It's on the Thames, near Blackfriars Bridge and it works again as a theater, with seasons of plays which are not taken only from Shakespeare's work.
There is an exhibition about life of the Bard and London during his age and also a guided tour in the theater which explains about how it worked back in those times and how the life of an actor was.
 Victoria & Albert Museum
V&A is probably one of the less popular among the most famous museums in London, or at least this was my personal perception, which is why I had kept my visit for last after I had already seen all the others.
But instead it's been one of those I've enjoyed the most, not only for the rich variety of exposed pieces of art but for the way it is organized. Every object is organized according two main thematic groupings: "Art & Design", which connects works through a cronological and geographical itinerary; and "Materials & Techniques", which instead tells about how the work has been created.
The part I've found most interesting is the area dedicated to the Cast Courts, which hosts a big amount of integral molds of the most important European sculptures, and Italian in particular. Kinda peculiar to see them all together!
V&A is located in the London's museums area, in South Kensington, and can be visited for free.
It's a church situated in a corner of Trafalgar Square.
It has a beautiful corynthian main entrance and some quite important tombs; but what's most peculiar about it is that... well, it has a cafeteria in its crypt.
Light are suffused, atmosphere is quiet and their cakes are mouthwatering. Then it's quite an experience - and to me it's lovely.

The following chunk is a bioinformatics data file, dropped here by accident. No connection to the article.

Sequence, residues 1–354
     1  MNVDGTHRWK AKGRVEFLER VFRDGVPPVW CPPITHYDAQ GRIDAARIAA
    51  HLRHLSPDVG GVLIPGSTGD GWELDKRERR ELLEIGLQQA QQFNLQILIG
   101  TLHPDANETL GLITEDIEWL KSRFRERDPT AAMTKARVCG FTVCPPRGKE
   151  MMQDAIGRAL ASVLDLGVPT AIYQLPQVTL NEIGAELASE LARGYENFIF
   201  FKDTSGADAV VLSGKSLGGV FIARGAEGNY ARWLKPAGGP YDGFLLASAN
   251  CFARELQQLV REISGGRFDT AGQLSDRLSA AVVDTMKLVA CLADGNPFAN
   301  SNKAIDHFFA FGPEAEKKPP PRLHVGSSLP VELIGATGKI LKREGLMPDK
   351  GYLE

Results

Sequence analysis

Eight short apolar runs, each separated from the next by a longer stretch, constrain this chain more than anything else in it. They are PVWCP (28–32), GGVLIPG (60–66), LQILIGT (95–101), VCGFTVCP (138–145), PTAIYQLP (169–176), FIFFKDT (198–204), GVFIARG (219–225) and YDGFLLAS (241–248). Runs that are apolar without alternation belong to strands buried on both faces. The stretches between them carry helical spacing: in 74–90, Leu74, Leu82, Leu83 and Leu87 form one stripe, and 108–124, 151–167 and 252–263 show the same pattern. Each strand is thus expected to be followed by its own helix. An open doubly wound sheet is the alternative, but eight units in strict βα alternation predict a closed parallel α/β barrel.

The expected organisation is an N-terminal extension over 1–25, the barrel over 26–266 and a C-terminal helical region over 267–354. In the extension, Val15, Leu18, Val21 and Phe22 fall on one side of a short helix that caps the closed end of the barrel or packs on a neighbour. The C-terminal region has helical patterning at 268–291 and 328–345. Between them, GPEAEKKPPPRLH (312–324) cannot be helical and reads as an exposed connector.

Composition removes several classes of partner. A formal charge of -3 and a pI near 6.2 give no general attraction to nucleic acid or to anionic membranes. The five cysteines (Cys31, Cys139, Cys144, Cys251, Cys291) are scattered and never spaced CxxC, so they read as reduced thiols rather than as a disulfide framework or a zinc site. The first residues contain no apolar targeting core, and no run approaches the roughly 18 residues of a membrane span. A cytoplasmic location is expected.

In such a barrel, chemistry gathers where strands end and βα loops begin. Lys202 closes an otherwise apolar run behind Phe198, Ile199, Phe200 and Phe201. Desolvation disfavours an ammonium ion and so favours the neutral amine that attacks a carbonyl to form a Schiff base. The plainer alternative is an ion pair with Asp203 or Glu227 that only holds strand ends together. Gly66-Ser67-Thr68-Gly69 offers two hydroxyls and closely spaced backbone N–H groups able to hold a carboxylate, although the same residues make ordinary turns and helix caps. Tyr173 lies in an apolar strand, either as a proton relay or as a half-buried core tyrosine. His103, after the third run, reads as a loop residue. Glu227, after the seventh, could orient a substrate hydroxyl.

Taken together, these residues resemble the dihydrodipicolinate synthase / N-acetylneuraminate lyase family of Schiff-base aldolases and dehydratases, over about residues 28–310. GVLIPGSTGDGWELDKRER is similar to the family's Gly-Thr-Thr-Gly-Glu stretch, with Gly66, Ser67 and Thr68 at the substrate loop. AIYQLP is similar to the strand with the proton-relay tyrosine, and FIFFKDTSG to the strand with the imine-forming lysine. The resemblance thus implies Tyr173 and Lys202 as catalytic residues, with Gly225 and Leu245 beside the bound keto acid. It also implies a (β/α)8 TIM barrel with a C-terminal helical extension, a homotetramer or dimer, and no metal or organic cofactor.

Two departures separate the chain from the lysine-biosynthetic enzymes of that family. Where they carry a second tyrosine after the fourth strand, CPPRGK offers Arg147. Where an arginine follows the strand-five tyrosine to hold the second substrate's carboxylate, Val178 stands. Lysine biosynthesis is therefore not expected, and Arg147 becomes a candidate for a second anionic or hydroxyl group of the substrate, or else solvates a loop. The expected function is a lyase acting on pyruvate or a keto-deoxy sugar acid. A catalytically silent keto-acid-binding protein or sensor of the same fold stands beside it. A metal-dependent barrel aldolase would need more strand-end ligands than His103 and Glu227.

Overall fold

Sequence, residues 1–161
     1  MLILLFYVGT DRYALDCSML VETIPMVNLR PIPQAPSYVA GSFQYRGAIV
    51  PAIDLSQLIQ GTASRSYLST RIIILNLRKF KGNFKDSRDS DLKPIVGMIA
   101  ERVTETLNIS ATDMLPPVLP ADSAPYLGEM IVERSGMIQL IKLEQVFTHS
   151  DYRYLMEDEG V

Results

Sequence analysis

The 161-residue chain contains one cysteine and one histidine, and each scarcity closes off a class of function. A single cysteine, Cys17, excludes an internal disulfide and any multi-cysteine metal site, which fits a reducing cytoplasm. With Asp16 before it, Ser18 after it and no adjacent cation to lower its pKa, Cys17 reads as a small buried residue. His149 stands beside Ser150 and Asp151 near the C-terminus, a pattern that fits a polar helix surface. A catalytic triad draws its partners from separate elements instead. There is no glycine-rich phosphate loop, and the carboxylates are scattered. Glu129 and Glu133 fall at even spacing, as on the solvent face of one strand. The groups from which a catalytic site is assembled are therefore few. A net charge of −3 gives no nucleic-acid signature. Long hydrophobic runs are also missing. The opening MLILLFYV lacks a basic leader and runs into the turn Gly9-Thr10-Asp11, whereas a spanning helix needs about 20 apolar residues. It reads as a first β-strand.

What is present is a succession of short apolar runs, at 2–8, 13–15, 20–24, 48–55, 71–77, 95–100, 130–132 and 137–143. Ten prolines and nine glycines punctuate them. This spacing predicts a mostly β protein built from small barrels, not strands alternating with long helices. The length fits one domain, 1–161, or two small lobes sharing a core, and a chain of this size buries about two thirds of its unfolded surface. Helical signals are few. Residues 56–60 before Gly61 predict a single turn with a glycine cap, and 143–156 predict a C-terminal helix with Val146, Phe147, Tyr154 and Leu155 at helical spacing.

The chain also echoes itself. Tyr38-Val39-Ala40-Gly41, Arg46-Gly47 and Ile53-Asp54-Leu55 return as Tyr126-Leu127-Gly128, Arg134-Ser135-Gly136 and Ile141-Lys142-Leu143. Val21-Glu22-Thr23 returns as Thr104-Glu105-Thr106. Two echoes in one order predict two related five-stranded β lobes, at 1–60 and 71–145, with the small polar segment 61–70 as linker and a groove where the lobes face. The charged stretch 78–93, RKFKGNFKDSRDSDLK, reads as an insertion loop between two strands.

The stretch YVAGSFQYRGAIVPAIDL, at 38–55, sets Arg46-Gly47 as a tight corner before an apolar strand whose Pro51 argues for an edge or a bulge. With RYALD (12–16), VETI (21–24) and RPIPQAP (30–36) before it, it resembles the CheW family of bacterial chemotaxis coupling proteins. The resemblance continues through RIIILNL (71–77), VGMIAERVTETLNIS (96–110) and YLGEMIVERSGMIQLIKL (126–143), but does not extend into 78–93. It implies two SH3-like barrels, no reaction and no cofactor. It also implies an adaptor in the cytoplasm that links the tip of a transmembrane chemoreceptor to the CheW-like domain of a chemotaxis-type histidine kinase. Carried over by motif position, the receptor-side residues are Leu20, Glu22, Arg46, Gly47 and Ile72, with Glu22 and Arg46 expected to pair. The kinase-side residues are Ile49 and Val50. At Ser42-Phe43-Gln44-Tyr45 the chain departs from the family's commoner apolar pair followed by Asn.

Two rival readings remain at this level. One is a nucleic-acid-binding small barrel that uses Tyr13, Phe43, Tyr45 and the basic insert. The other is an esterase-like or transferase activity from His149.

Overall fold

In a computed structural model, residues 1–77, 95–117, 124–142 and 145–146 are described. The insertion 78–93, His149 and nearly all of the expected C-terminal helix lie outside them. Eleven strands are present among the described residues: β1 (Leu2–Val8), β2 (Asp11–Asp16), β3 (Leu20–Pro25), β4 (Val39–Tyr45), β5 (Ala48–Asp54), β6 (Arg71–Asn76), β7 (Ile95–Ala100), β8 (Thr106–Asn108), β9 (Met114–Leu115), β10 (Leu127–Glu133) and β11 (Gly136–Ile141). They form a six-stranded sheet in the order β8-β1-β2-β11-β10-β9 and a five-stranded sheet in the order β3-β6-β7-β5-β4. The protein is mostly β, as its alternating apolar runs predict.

Southwark Cathedral
I find this minor cathedral almost hidden by London Bridge a little jewel of Gothic architecture.
It actually looks like the typical English medioeval church - and maybe this is actually what is appealing about it, because you wouldn't expect to find such sort of building, that is mostly diffused in small countryside villages in the South, downtown in London. Not with such a peaceful little garden and small alleys all around, which makes you feel like you were somewhere else.
If you walk around its neighbourhood you can find in Clink Street an armour factory.
Wow, call it stepping back in time!!
 Sarastro restaurant
Ginger Cat brought me here for my birthday in 2008.
It's in the West End, in the theaters area and it's histrionic indeed! It truly is a "Show after the show" like it claims in its tagline: it's so flamboyant, loud, sparkly and just unique.
The eye just can't help to get high with all the carnival of colours there is around. Gold, velvet, statues, masks, flying witches, laces, tapestries, plasters ... everything you could ever conceive is there. And the vibe is so thrilling.
The cuisine is mainly of Turkish origins with some Mediterranean digressions. Tasty!
Do you have other suggestions for unusual places to visit in London?